Wow, the expiration of copyright up to about the mid-1950s is really something, isn’t it? Long after the original artists and owners of their songs have done passed on, reissue houses like JSP RECORDS continue to bring out riches by the batch, often unheard & certainly never collected in such sheer abundance. Their CHARLEY PATTON and CARTER FAMILY sets sorta beg the question as to why you’d fork out quintuple the price on other versions of the same songs – though I certainly do understand why – and the same goes with tracking down each & every tidbit released by the all-important Wisconsin-based Paramount label, which specialized in some of the more raw & venerable “race records” of the 1920s and 30s. Been meaning to get this one for some time, as it purports to be the biggest & best collection of Paramount recordings ever assembled (including many making their way to LP or CD for the first time), but my quest was imbued with a new sense of urgency when I heard the incredible KING SOLOMON HILL (“Whoopee Blues”) on Yazoo’s recent “THE STUFF THAT DREAMS ARE MADE OF – SUPER RARITIES & UNISSUED GEMS OF THE 1920s & ’30s” 2xCD.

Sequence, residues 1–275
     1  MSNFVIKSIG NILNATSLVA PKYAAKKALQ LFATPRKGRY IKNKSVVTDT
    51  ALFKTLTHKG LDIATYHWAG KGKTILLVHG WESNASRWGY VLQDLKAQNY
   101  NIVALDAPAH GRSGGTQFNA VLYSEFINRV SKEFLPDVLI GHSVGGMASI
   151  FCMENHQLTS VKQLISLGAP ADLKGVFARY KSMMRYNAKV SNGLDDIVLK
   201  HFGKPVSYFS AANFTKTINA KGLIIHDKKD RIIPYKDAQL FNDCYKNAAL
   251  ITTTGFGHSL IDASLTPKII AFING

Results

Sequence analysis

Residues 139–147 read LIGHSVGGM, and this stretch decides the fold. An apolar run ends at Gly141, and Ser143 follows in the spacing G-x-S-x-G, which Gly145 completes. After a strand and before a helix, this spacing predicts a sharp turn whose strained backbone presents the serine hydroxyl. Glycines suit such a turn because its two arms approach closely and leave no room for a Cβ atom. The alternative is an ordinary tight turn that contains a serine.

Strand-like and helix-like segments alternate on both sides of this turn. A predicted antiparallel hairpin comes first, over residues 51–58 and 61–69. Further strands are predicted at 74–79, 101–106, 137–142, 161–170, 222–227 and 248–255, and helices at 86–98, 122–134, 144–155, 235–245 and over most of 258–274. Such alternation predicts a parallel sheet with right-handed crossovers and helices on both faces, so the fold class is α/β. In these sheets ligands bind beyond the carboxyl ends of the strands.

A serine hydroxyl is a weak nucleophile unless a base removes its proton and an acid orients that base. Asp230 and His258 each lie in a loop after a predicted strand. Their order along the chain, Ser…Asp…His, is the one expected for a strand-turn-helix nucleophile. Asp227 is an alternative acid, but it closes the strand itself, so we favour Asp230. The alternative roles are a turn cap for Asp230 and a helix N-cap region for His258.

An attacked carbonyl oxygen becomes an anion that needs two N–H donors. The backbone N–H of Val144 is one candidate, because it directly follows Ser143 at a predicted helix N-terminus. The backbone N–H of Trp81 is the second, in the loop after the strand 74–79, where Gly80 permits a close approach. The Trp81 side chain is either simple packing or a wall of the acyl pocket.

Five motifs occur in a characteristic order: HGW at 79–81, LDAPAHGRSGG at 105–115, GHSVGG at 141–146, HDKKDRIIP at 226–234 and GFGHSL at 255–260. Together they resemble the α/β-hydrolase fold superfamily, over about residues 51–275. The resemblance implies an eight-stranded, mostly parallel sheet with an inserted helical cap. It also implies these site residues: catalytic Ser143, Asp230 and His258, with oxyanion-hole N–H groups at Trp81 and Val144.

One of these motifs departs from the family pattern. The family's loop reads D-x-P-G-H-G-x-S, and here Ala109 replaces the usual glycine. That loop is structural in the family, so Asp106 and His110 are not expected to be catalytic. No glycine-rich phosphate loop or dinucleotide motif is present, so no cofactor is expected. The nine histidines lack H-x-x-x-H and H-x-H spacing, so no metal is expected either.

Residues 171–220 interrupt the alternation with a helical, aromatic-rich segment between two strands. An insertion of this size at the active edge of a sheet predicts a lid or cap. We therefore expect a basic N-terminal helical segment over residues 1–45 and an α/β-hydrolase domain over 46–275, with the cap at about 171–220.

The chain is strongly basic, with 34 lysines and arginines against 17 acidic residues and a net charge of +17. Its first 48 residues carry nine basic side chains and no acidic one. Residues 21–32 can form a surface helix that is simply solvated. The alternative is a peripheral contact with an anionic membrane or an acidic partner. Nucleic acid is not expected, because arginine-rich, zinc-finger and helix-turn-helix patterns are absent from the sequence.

The Hill stuff is terrific, achingly raw and soporific blues of the highest grade. Took me a while to sit down and write about the whole collection, though, because it’s 100 songs and it’s quite an effort to critically seperate the wheat from the chaff without a ton of repeat listening. Since a session with all 4 discs takes well over five hours, I’ll own up that I don’t quite have this one memorized yet. I find that my key impressions of it are that it has a lot more balladry, barrelhouse blues (even MA RAINEY herself makes an appearance) and skillit-lickin’ hot jazz than I expected, though deep blues, gospel and nascent country are still the norm here. Some names you might recognize include GEECHIE WILEY (also known as GEESHIE WILEY); BO WEEVIL JACKSON; CHARLEY PATTON (doing the churchy chesnut “I Shall Not Be Moved”) ; ED BELL; and the great pianist ROOSEVELT SYKES. The quality meter slips up and down over the course of the discs, and at times it’s fourth-tier stuff that’s on here for completist reasons than any inherent nod to quality. I must say that I expected the whole package to move me a little more, but it’s OK nonetheless, and for just over $28 for the whole thing, it’s not too much to ask to wade through some muck to get to the pearls. The last 3 blues/old-time comps I’ve purchased before this one (“American Primitive Vol. 2”, “Good For What Ails You” and the aforementioned “Stuff That Dreams Are Made Of”) were all so great, however, that I’d recommend going to those first & saving this one for dessert.

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